Medicines all have one generic name and perhaps one or more brand names. The brand name is chosen by the drug company. The generic name is assigned by an official body, the United States Adopted Names (USAN) Council. You probably know, for example, that Advil and Motrin are brand names for the generic medicine ibuprofen. Knowing that Advil, Motrin, and ibuprofen are all the same medicine alerts you to an important risk—that taking these medicines together could add up to an overdose.
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Patients sometimes ask to take home left over medicines that were partially used during their hospital stay (e.g., insulin pens, inhalers, eye drops, topical creams or ointments). An example of this involved a diabetic man who was taking the long-acting insulin Lantus (insulin glargine) and also received the short-acting insulin NovoLog (insulin aspart) during his hospitalization.
People who experience seizure activity (epilepsy) often take anti-seizure medicine to control the condition. However, sometimes additional medicine may be needed to control bouts of increased seizure activity (cluster seizures or breakthrough seizures). The Diastat AcuDial rectal administration system contains the medicine diazepam, rectal gel, to manage these breakthrough seizures. The product is available in a 10 mg rectal syringe designed to deliver a minimum dose of 5 mg, or a 20 mg rectal syringe designed to deliver a minimum dose of 12.5 mg. Both syringes allow for the dose to be increased by 2.5 mg up to a maximum of either 10 mg or 20 mg, respectively. (There is a 2.5 mg syringe for pediatrics.)
The purpose of the label on your prescription medicine is to provide you with crucial information about your medicine so you can take it properly. Most of the information on the label is required by state pharmacy laws. Each state may have slightly different label requirements. So labels may vary from state to state. Pharmacies may also decide to include certain information not required by state laws.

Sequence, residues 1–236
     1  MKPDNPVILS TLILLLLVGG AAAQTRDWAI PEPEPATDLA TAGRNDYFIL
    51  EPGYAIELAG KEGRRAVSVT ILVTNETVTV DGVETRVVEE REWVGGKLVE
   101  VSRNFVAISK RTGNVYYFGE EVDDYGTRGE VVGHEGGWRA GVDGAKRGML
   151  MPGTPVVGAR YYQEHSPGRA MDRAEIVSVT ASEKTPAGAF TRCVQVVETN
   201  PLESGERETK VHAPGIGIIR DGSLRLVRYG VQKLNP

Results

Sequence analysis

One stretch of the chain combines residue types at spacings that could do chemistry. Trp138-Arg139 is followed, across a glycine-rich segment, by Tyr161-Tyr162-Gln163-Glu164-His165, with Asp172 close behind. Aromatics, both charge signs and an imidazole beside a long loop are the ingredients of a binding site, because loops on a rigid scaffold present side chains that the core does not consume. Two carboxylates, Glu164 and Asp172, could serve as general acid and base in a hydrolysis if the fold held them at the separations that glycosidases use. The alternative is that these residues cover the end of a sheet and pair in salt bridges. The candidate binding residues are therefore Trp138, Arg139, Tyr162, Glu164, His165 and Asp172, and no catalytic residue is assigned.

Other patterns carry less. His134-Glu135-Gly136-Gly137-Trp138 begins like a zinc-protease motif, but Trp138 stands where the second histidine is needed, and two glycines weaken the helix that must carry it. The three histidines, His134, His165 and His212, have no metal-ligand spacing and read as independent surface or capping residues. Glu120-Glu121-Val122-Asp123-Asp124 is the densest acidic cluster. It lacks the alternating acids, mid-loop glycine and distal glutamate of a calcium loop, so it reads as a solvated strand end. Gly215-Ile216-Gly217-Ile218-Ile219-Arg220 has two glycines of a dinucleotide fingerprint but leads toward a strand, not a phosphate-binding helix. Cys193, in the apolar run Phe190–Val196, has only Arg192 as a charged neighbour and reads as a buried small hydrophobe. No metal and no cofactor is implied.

Giving a correctly filled prescription to the wrong customer is a common error in community pharmacies. If this has never happened to you, maybe you're surprised by this fact. But you are more likely to be among the millions of people who have gone home from the pharmacy only to find they have someone else's medicine inside the pharmacy bag.
Do you use an inhaler? If so, always replace its cap after use. The importance of replacing caps on inhalers was recently illustrated when a woman accidentally inhaled a small earring while using her asthma medicine. She got her uncapped inhaler from her purse. As she inhaled the medicine, she felt a painful scratch in her throat and started coughing blood. She was taken to the emergency department, where the earring was removed from her lung. If the inhaler's cap had been in place, the loose earring in her purse would not have gotten into the inhaler.
When people suddenly become ill or injured at home or in the community, they or their families or friends can call 911 for emergency help. But who can a patient or family member call upon once they arrive at the hospital if they feel their condition is seriously deteriorating and nobody is listening? Many hospitals today are offering patients and families an opportunity to summon an interdisciplinary care team to the bedside if they have unaddressed concerns. These teams are called Rapid Response Teams (RRTs).
Most people are familiar with throat lozenges. Typically, they are a small, medicated, round or oval shaped and dissolve slowly in your mouth. They are used to treat sore throats, coughs, and other throat irritations. Common lozenges include brand name products such as Chloraseptic, Delsym and Vicks (figure 1) and can be purchased over-the-counter (OTC).
Have you ever thought about where medicines are kept in your home through the eyes of your child? Medicines left on counters, nightstands, in purses and bags, or on the ground are easily within reach of a young child. What's more, many medicines are brightly colored and look like candy, making them appetizing to children.